Mother of woman run over by police officer in parking lot wants answers

MILLCREEK, Utah — A grieving mother is looking for answers after her daughter was run over by a police vehicle in a parking lot.

23-year-old Cindreia Simone Europe died on March 5. At the time, investigators said an officer with Unified Police inadvertently ran over her body while conducting a welfare check. It is unclear if she was killed by the police vehicle.

Few details have been released since the incident. The wait is agonizing for Cindreia’s mother, LaToya Mack.

“I was never prepared quite for this,” Mack said. “No one should ever have to write an obituary for their baby.”

The loss of her only child has been difficult to process and understand.

“She was raised for greatness. She was a national merit scholar,” Mack said.

Sources told FOX 13 the officer involved in the incident had a long history of incidents in her patrol car while working for the West Valley City Police Department. A public records request uncovered at least seven, at-fault accidents over an 8-year period.

After resigning from that department late in 2017, she was hired by Unified Police a few months later.

“There is just no way this should have happened,” Mack said. “I know it was absolutely avoidable and unnecessary.  A welfare check and she’s dead — from a welfare check.”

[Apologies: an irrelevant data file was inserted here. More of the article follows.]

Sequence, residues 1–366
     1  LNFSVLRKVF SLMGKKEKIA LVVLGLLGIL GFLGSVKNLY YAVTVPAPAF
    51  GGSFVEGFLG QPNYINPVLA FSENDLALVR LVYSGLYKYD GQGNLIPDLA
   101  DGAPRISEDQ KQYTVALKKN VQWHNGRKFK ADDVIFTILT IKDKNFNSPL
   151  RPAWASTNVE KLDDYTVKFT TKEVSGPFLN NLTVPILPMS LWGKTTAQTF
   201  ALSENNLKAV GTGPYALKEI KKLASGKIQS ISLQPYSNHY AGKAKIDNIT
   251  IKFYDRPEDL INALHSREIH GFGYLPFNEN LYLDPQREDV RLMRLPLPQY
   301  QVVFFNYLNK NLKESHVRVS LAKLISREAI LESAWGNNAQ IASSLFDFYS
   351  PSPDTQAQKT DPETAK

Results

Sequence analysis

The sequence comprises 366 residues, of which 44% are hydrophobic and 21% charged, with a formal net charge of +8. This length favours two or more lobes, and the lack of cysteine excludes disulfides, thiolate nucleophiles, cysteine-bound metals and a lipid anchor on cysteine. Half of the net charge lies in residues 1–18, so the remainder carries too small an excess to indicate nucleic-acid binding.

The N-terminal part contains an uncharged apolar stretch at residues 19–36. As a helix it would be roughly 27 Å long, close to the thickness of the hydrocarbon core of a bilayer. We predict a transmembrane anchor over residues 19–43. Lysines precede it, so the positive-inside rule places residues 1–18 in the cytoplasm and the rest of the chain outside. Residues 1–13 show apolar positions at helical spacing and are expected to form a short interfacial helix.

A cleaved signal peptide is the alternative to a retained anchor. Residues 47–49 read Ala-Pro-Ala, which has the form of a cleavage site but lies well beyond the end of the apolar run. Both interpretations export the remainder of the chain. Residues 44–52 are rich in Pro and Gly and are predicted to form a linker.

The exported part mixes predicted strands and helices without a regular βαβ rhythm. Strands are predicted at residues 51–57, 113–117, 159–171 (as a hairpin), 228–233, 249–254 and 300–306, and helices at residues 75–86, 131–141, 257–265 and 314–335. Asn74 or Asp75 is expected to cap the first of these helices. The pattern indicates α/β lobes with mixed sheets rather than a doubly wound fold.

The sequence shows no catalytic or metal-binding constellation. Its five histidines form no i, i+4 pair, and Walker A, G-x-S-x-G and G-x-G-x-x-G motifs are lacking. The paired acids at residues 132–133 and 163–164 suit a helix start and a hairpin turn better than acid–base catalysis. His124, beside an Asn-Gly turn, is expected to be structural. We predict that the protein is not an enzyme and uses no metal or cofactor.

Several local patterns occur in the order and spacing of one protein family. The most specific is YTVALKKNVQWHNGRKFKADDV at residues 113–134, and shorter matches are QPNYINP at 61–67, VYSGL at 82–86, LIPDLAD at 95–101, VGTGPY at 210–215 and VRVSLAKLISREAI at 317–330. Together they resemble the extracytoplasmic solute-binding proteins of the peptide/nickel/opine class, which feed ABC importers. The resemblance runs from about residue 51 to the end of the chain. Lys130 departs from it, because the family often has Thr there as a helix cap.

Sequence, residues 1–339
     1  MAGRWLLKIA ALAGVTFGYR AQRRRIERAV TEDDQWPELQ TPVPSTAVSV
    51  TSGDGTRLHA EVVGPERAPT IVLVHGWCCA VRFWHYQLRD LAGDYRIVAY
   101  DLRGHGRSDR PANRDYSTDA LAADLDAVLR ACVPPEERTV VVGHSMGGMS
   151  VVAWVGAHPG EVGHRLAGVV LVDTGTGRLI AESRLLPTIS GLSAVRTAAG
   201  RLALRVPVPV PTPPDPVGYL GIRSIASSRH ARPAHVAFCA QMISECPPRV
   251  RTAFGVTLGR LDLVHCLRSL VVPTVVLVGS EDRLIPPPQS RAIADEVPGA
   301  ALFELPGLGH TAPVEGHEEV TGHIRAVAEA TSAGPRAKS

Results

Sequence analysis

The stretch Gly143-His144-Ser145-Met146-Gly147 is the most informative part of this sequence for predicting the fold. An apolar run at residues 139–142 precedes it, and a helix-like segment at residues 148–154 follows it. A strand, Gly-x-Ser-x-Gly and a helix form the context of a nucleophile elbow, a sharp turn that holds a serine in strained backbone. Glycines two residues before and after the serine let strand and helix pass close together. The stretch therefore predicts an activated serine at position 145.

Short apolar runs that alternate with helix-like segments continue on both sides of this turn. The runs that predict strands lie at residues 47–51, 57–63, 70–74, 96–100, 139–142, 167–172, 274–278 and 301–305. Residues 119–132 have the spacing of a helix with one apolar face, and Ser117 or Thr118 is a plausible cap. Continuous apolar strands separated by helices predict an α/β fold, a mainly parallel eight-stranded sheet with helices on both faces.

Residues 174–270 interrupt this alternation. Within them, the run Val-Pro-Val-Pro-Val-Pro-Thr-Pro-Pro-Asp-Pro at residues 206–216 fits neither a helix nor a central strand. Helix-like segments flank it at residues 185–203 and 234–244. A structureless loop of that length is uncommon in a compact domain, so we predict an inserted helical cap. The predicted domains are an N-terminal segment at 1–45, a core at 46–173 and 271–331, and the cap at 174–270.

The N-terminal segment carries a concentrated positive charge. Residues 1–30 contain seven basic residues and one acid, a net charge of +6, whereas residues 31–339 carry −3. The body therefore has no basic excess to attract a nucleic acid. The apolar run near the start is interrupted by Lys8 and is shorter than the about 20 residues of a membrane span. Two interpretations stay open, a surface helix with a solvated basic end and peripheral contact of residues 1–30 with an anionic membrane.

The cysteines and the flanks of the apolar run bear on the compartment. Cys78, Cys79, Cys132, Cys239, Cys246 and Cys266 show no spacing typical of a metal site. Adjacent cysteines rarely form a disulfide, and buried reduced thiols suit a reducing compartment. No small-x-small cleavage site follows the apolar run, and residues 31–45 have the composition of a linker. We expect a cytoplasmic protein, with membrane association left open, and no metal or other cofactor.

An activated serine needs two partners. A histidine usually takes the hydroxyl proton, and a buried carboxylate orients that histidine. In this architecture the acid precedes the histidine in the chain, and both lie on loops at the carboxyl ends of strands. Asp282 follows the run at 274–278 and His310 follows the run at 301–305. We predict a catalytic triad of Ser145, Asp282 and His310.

Because the officer has not been charged with a crime, FOX 13 is not identifying her.

Salt Lake County Sheriff Rosie Rivera declined to confirm the officer’s identity or alleged past incidents.

“I’ve explained over and over why I can’t talk about that,” Rivera said.  “All the information will be provided after the investigation.”

The Salt Lake City Police Department is the outside agency conducting the investigation.  There is no timetable as to when it will be complete.

Mack is now left with memories of her daughter, who moved out in late 2017, to forge her own path in life.

“I did not know I would not talk to her again – she just needed some time,” Mack said.

She knows that no matter what answers she receives, nothing will bring Cindreia back. She has a hard time believing the initial reports that her daughter was lying on the parking lot pavement.

“Let’s just say she had been. Still, no reason to die like a dog in the street,” Mack said. “I will feel better knowing what happened and holding people accountable.  That will make me feel a lot better.”

But nothing will take away the pain of losing a child and wondering what great things her daughter Cindreia could have achieved.

“What’s the hardest, is the loss of hope,” Mack said.

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